The end of the digital beginning
How do we reconfigure the use of technology in the workplace for a new, digital generation? Antigone Anagnostellis reports on an expert presentation.
Almost half of Australian workers under 30 believe that the current use of technology in the workplace is misunderstood or underdeveloped, according to a new report by PricewaterhouseCoopers (PwC).
Megan Brownlow, Executive Director of Australian Entertainment and Media Outlook at PicewaterhouseCoopers (PwC) e at the 2012 Pacific Area Newspaper Publishers’ Association (PANPA) Future Forum on the importance of digital integration not only for media-based organisations but the workplace of the younger generation, ‘The millennials’.
“These youngsters are a very big part of whether we’ll able to adopt digital practices work-wise,” Ms Brownlow said.
“Certainly from a consumer point of view for the media companies it’s already there – we’re at the end of the digital beginning.”
The “Entertainment and Media Outlook 2012-2016” found that 78 per cent of ‘millennials’ believe access to their preferred technology at work would make them more efficient, but that the implementation needs to be shifted from the individual to the organisation.
“Senior management can see Internet use at work as a time-waster, often the social networking sites are switched on between 12 and 2,” Ms Brownlow said.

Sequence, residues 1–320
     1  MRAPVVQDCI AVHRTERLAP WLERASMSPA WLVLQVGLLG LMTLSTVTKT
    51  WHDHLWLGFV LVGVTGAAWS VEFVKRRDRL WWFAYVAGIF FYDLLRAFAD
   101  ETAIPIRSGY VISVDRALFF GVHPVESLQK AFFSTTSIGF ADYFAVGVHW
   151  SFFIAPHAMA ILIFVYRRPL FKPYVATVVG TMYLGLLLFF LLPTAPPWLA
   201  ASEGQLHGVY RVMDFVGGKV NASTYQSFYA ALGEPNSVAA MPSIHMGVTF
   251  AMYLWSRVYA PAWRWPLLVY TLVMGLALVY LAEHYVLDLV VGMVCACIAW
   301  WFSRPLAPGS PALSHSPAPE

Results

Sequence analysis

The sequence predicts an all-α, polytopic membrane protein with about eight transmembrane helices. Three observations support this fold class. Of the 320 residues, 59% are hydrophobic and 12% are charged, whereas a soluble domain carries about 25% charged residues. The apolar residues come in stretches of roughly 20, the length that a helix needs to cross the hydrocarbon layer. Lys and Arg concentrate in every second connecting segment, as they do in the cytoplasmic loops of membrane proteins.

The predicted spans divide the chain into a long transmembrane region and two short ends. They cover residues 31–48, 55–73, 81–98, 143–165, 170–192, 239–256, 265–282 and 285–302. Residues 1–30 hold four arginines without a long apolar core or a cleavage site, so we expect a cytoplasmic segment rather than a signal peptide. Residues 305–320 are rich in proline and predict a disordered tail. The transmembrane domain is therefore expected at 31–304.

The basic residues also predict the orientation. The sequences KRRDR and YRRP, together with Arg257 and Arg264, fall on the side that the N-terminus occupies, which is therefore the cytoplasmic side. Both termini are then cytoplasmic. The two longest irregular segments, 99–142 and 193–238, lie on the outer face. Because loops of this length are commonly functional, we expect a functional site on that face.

But the working day is no longer nine-to-five, we see these new workers responding to mail at any time after those hours.”
The report suggests that digital forms are now central to the activity of most media organisations but revenues are not catching up with the change in consumer behaviour, with most companies electing to undergo ‘major surgery’ of their structures.
Australians already have a high rate of smartphone use and this is expected to rise. PwC forecasts a 68 per cent smartphone penetration rate in Australia by 2016, a steep increase from 17 per cent in 2011.
In order to encourage users to access the remote content, especially at work, the user interaction needs to continue outside of face-to-face events into social media.
“It’s a tool – yes, a lot of it is personal but some of it is about building contacts and networks and information,” Ms Brownlow said.
“It’s what we used to do at the pub and they do it in a technology sense now.”
With declining consumer spending rates on newspapers, traditional media forms need to examine how best to engage their audiences again. This may create a situation where we see an increase in access to the vast amount of material online, or on mobile devices, but not necessarily ownership.
“We don’t want to own the content anymore we just want to stream it, looking at subscription services including music,” Ms Brownlow said.
For the ‘millennials’ who feel that the workplace has not caught up to the personal consumption of technology, it could be an issue of sticking to the current structure, instead of experimentation.
“It’s different in the digital world there’s a constant stream of experimentation, it’s scratchy around the edges it’s not super-polished,” Ms Brownlow said.
“The amazing thing about the net is there’s a lot of not super-polished stuff there but it’s still very popular.”